Toronto Star

Scientists mastering the fine art of DNA origami

Technique for designing tiny, complex structures could be used to deliver drug therapies

- RACHEL FELTMAN THE WASHINGTON POST

Anew technique could make it easier to fold strands of DNA into itty-bitty nano-structures on command.

DNA origami, which sounds like the weirdest hobby ever, is actually a pretty important scientific technique: researcher­s want to be able to produce intricate structures on the nano-scale, so they can interact with human cells and the molecules that make them up. But it’s tough to make anything that small, let alone a highly specialize­d shape designed to, for example, bind to cancer cells and keep them from reproducin­g.

In a study published Wednesday in Nature, researcher­s present a new technique for building these complex structures on the smallest possible scale. One day, these minuscule, intricate objects could be used to deliver drug therapies, along with other applicatio­ns not even dreamed up yet.

And now, designing them is fast and easy, thanks to a centuries-old math problem.

To understand the problem tackled by Bjorn Hogberg of the Karolinska Institute, Sweden, and his colleagues, just look to the Seven Bridges of Konigsberg.

The problem goes like this: Konigsberg (now known as Kaliningra­d, Russia) had seven bridges throughout. Would it be possible, mathematic­ians wondered, to take a walk through the city in which each bridge was crossed once and only once?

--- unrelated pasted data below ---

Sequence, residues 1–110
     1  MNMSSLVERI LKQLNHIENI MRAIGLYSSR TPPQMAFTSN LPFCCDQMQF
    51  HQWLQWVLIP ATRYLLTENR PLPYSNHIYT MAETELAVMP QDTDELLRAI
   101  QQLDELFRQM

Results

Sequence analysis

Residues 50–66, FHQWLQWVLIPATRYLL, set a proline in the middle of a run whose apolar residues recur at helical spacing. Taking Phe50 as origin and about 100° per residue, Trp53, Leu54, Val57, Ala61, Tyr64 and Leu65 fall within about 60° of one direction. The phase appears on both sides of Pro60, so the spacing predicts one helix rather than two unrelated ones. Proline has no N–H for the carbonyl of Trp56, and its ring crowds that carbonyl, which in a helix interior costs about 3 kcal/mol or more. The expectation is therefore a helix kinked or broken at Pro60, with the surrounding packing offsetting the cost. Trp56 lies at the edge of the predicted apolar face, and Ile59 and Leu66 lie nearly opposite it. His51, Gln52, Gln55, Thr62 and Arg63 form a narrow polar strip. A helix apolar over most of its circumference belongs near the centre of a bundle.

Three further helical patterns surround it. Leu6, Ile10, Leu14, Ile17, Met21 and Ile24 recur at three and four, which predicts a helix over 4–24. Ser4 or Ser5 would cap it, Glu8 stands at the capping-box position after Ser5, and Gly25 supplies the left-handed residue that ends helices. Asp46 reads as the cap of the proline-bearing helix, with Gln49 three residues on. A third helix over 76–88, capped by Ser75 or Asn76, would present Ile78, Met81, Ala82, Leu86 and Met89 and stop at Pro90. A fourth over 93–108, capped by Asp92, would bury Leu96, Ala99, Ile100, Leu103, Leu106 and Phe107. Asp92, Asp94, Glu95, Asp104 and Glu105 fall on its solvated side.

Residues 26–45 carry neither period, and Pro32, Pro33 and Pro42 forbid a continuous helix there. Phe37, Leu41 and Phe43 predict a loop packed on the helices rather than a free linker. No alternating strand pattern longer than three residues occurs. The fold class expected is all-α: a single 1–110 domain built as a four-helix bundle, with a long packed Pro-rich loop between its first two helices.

“The problem we’re solving is very similar,” Hogberg told the Washington Post.

When scientists try to “3D print” a structure using strands of tiny DNA, they want to optimize the route that DNA takes in order to form the desired structure. Until now, most DNA-based structures have had to be solid and brick-like. But to harness the power of nano-scale objects, you want more dynamic shapes. To create them, you need the DNA to fold itself into a scaffold that maximizes strength and resilience without losing detail by doubling over itself too much.

“We wanted to put the DNA strand on every edge of the polygonal shape once — and if possible only once — and then bring it back to its starting point, since it’s a circular molecule,” Hogberg explained.

With his team’s new algorithm — developed with help from computer scientists at Aalto University in Finland — it’s as easy as rendering a complex shape using normal 3D printing software. The algorithm is able to optimize a DNA strand’s path to form that shape.

For the user, Hogberg said, it’s suddenly as simple to create 3D nanostruct­ures as it is to make large-scale ones. Until it comes time to print them out, anyway.

“The learning curve is really improved here. It’s really easy to design them now,” he said.

“But creating them hasn’t really changed. To actually get them printed out, you have to order the DNA and pipette it together, and that’s of course the barrier to entry for most people.”

So DIY bio-hackers will probably have to wait awhile before the team’s innovation lets them do complex DNA origami at home. For now, the group is publishing the code for the algorithm in the hopes of helping other labs produce these complex structures more quickly and efficientl­y.

 ?? ERIK BENSON AND BJORN HOGBERG ?? The shape of a rabbit is seamlessly converted into a folded DNA strand using a technique developed by Swedish researcher­s.
ERIK BENSON AND BJORN HOGBERG The shape of a rabbit is seamlessly converted into a folded DNA strand using a technique developed by Swedish researcher­s.

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